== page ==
Facebook is looking to expand its paid events feature into minor league and local sports, which would give these smaller competitions more opportunities to generate income, while also bringing more viewers to Facebook, helping to boost its video offerings.
As reported by CNBC:
“The social media giant envisions high school sports teams and smaller leagues using the feature that allows users to make money for virtual attendance, and keep ticket profits – for now. And Facebook plans to invest in paid online events, the live-streaming feature that lets you pay for a virtual “ticket” to watch, sort of like pay-per-view on cable.”
Facebook first launched its paid events option last August, as a means to help artists, specifically, generate income amid the COVID-19 lockdowns.
As you can see here, through this process, users can create events that require payment to access, which, as CNBC notes, Facebook currently passes on, 100%, to creators.
The next stage could see Facebook build out a slate of local sports matches, all accessible via digital tickets, enabling viewers to tune in from anywhere, and potentially building a new ecosystem of live sports engagement.
Which is not entirely original. Twitter has tried the same approach, with live-streams of various second-tier sporting competitions, with a view to building niche audience followings, and maximizing its own live video inventory.
That’s produced mixed results – but the difference in Facebook’s case is that these would be ticketed events, providing direct revenue potential to sports leagues, and further incentivizing promotion and amplification of such among their dedicated fans.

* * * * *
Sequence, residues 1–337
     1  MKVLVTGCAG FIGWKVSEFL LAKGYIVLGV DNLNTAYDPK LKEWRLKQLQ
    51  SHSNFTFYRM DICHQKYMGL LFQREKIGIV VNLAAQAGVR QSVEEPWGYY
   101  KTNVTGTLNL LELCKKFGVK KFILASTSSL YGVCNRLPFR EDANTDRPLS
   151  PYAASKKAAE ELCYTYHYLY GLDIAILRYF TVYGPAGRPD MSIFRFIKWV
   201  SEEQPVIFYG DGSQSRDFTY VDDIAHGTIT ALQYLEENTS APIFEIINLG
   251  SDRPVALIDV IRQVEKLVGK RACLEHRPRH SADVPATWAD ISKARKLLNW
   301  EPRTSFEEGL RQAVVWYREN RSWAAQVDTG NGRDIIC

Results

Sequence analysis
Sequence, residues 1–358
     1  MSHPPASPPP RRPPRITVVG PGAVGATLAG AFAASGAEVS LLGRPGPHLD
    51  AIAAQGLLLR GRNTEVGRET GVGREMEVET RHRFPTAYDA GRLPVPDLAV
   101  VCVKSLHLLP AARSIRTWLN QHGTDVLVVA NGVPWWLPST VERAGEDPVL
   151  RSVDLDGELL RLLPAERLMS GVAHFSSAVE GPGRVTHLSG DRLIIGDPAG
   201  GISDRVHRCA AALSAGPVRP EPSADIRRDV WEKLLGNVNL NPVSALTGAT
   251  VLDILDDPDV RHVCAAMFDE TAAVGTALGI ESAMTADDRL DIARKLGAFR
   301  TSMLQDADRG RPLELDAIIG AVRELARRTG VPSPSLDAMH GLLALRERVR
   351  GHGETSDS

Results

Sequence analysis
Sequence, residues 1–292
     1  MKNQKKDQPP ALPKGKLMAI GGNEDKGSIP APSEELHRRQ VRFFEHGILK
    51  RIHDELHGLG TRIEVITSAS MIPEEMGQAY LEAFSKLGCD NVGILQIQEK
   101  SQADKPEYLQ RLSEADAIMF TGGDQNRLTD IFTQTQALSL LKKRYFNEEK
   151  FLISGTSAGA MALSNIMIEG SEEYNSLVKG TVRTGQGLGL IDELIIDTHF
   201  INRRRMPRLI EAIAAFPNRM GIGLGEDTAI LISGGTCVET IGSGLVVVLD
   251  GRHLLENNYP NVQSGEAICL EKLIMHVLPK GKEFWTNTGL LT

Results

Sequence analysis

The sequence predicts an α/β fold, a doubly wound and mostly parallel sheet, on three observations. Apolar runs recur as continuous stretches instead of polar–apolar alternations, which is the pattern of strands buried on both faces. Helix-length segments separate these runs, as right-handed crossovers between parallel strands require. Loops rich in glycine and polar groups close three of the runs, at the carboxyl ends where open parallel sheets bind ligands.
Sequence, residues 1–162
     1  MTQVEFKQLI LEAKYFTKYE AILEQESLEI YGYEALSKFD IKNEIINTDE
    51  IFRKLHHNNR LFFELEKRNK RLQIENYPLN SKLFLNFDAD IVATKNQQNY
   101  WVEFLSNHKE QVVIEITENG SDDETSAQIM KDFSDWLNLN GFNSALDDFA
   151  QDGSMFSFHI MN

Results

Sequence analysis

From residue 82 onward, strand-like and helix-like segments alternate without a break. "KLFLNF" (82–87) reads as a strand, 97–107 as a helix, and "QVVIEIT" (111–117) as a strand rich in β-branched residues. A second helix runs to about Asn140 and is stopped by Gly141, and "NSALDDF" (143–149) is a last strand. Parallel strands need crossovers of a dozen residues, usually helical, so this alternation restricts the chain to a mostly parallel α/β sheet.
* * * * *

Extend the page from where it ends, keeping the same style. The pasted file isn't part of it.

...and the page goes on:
And that could also have benefits for advertisers, by providing promotional opportunities among more specific audience subsets.
For example, let’s say you sell lacrosse equipment – it would be of significant benefit to be able to market to lacrosse fans, specifically, within different regions. That might not be a highly lucrative market for Facebook ads, but if it can build a slate of these smaller league sports, and provide dedicated ad opportunities for a range of businesses, that could end up being a big winner, if it can get it right.
And that’s before Facebook considers taking a cut of ticket prices, which is also no doubt on the horizon.
Given this, it makes a lot of sense for Facebook to look to expand its paid events tools in this way, and it’ll be interesting to see what sort of sports catalog it can build, and whether that extends to pro-sports leagues, furthering its video offerings.
It could end up being a big winner for local and niche brands. We’ll keep you updated on any progress.